Sweet and spicy reasons to try Indus Express food festival at Taj Malabar Resort & Spa
As we enter Pepper restaurant that overlooks the Vembanad Lake, we are unsure of what to expect from Indus Express—a curation of varied dishes from regions along the ‘land of five rivers’. Our tasting session starts with chefs Vijay Kumar and Nandram Rastogi from New Delhi-based Taj Vivanta, Dwarka explaining the elaborate story behind the menu.
“Old Punjab was divided between India and Pakistan and had a mix of unique recipes unfamiliar to most of us. This festival is a culinary journey through the authentic flavours of Patiala, Ludhiana, Lucknow, Amritsar, and Lahore,” says chef Vijay, who hails from Delhi and has been with Taj for about 30 years now.
Set off smooth
The ensemble began with Punjabi makhaniya lassi, a tall glass of churned yoghurt flavoured with saffron, cardamom, and nuts. This sweet and sour drink prepares you for the spicy adventure that follows. The selection of soups is quite interesting as well. Unlike Western preparations that are creamy enough to possibly kill your appetite before a heavy meal, shuraat is a consommé that you can easily down in a couple of scoops. One could go for a warm portion of dal dahi da shorba, a curried lentil soup, or a hot and spicy pot-roasted chicken broth with herbs.
A hot start
A variety of vegetarian and non-vegetarian starters is definitely the highlight of this menu. Nandru ke kebab is a dish made from shallow fried lotus stem patties stuffed with molten Kashmiri prunes. According to chef Vijay, this healthy appetiser would be extremely hard to find in Kerala as lotus stems are handpicked and brought all the way from Bengaluru.
“Taste of spices tends to change with regions. The ones you find in Kerala would be quite different from the mix you see up North,” he adds. Peshawari seekh kebab with skewered and grilled lamb mince is a must-have from this segment. It presents a lingering aftertaste of spices like ginger and garlic that leave you craving for more. Appetisers are served with mint chutney and moderately spicy onion-peanut dip that stimulate your palate.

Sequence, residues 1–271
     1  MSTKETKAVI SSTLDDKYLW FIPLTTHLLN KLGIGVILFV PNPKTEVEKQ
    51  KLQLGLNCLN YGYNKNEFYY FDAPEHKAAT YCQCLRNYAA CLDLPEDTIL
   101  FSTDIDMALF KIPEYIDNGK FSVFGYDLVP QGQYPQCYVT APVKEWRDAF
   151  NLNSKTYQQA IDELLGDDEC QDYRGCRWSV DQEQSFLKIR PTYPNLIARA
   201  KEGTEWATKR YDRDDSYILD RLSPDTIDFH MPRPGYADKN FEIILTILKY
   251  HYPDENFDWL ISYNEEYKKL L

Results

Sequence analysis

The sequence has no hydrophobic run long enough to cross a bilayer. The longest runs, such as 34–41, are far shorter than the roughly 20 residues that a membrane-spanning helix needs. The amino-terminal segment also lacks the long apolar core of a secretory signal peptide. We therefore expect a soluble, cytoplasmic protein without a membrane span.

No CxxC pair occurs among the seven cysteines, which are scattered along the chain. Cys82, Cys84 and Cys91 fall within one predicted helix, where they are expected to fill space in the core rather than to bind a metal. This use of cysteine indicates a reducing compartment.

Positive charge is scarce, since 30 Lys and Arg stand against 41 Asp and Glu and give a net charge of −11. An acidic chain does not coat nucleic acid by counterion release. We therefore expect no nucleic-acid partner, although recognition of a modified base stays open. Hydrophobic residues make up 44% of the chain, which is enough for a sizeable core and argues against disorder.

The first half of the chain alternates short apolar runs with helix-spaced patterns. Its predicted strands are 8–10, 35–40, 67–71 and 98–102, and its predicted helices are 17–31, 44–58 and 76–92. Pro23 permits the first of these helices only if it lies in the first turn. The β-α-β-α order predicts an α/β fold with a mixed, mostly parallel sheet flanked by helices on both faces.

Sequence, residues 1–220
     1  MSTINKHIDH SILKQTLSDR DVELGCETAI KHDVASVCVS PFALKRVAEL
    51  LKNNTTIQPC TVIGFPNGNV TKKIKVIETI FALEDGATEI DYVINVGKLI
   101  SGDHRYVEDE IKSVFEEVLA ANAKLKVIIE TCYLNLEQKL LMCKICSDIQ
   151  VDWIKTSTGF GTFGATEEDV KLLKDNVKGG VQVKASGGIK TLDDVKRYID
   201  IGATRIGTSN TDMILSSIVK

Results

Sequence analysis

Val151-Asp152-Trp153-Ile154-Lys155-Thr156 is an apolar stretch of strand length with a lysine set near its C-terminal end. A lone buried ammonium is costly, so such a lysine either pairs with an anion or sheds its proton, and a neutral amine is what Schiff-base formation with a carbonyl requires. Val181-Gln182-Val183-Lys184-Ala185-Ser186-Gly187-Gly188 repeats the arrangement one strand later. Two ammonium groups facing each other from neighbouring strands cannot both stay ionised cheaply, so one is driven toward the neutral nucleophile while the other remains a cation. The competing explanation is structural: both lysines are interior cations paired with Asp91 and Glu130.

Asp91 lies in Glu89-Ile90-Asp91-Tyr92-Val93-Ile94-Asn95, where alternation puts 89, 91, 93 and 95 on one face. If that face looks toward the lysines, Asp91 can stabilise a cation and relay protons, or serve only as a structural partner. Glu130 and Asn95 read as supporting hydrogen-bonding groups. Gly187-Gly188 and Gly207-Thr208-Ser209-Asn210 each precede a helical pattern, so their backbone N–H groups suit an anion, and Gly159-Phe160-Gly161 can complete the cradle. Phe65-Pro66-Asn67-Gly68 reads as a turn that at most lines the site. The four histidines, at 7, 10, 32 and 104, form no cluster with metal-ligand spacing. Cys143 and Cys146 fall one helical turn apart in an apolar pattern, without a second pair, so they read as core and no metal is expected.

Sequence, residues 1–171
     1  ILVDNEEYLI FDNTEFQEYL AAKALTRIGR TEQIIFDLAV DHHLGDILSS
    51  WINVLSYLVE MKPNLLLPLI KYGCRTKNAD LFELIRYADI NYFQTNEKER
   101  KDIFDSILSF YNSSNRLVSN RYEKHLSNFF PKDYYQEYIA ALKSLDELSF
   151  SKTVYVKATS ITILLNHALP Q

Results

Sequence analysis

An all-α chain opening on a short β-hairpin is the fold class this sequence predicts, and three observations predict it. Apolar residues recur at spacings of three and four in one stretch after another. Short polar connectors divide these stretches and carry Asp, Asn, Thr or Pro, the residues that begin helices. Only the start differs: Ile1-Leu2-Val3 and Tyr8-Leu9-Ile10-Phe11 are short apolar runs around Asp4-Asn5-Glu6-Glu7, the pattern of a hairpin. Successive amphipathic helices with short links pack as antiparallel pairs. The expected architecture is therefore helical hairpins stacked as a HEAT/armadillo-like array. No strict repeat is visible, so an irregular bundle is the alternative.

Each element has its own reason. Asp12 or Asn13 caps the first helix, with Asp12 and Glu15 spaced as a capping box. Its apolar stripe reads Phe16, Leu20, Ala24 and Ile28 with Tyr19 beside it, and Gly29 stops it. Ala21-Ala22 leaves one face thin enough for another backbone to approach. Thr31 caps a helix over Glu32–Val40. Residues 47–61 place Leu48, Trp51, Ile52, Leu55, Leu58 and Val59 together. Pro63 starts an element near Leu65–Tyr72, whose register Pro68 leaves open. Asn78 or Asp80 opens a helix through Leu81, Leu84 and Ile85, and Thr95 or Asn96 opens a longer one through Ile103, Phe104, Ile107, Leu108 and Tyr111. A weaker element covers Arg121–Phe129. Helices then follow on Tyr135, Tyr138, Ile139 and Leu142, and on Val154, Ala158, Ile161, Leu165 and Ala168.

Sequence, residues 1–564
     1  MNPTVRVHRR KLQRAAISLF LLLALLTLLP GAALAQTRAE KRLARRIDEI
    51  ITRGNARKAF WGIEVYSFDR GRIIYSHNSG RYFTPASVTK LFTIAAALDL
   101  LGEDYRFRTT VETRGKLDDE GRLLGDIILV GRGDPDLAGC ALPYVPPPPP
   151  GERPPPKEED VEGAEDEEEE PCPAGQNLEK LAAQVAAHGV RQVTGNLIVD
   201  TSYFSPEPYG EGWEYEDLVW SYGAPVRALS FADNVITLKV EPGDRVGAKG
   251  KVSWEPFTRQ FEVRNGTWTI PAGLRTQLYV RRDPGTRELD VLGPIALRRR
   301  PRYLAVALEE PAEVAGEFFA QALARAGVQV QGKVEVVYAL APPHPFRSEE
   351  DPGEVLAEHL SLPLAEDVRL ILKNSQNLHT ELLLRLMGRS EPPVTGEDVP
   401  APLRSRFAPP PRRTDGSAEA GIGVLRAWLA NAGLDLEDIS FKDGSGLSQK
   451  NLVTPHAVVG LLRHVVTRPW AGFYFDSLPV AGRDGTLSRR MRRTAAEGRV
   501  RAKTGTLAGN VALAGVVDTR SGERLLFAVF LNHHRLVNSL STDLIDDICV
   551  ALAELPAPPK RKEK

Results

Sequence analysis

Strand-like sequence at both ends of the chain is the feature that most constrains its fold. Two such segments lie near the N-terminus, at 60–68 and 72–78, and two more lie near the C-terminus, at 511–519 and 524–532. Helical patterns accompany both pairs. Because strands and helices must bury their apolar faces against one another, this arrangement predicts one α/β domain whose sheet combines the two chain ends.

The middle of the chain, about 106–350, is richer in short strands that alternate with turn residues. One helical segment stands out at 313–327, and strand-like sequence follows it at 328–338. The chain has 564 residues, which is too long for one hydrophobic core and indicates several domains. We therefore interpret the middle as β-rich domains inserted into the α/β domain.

An assembly of dishes using Sialkot, nihari and Rawalpindi spices make the main course an olfactory treat. If you are a seafood lover, kadai jhinga is bound to delight you. Freshwater prawns are cooked with crunchy onions and capsicum in this moderately spicy curry. Nihari gosht also requires a special mention for the perfect, slow-cooked lamb slices that melt in your mouth.
Vegetarian options on the menu, especially the paneer dishes, lean more towards a spicy yet creamy Pakistani style. “Beyond the border, preparations come with rich and heavy gravy compared to ours. Some of their dishes even have coconut milk,” adds chef Vijay. A must-try from the selection of bread is Peshawari naan stuffed with saffron, raisins and nuts. If you ask us, this sweet appeal is the best way to wrap up your Indus Express journey.
On till July 20.
From 8 pm to 10.30 pm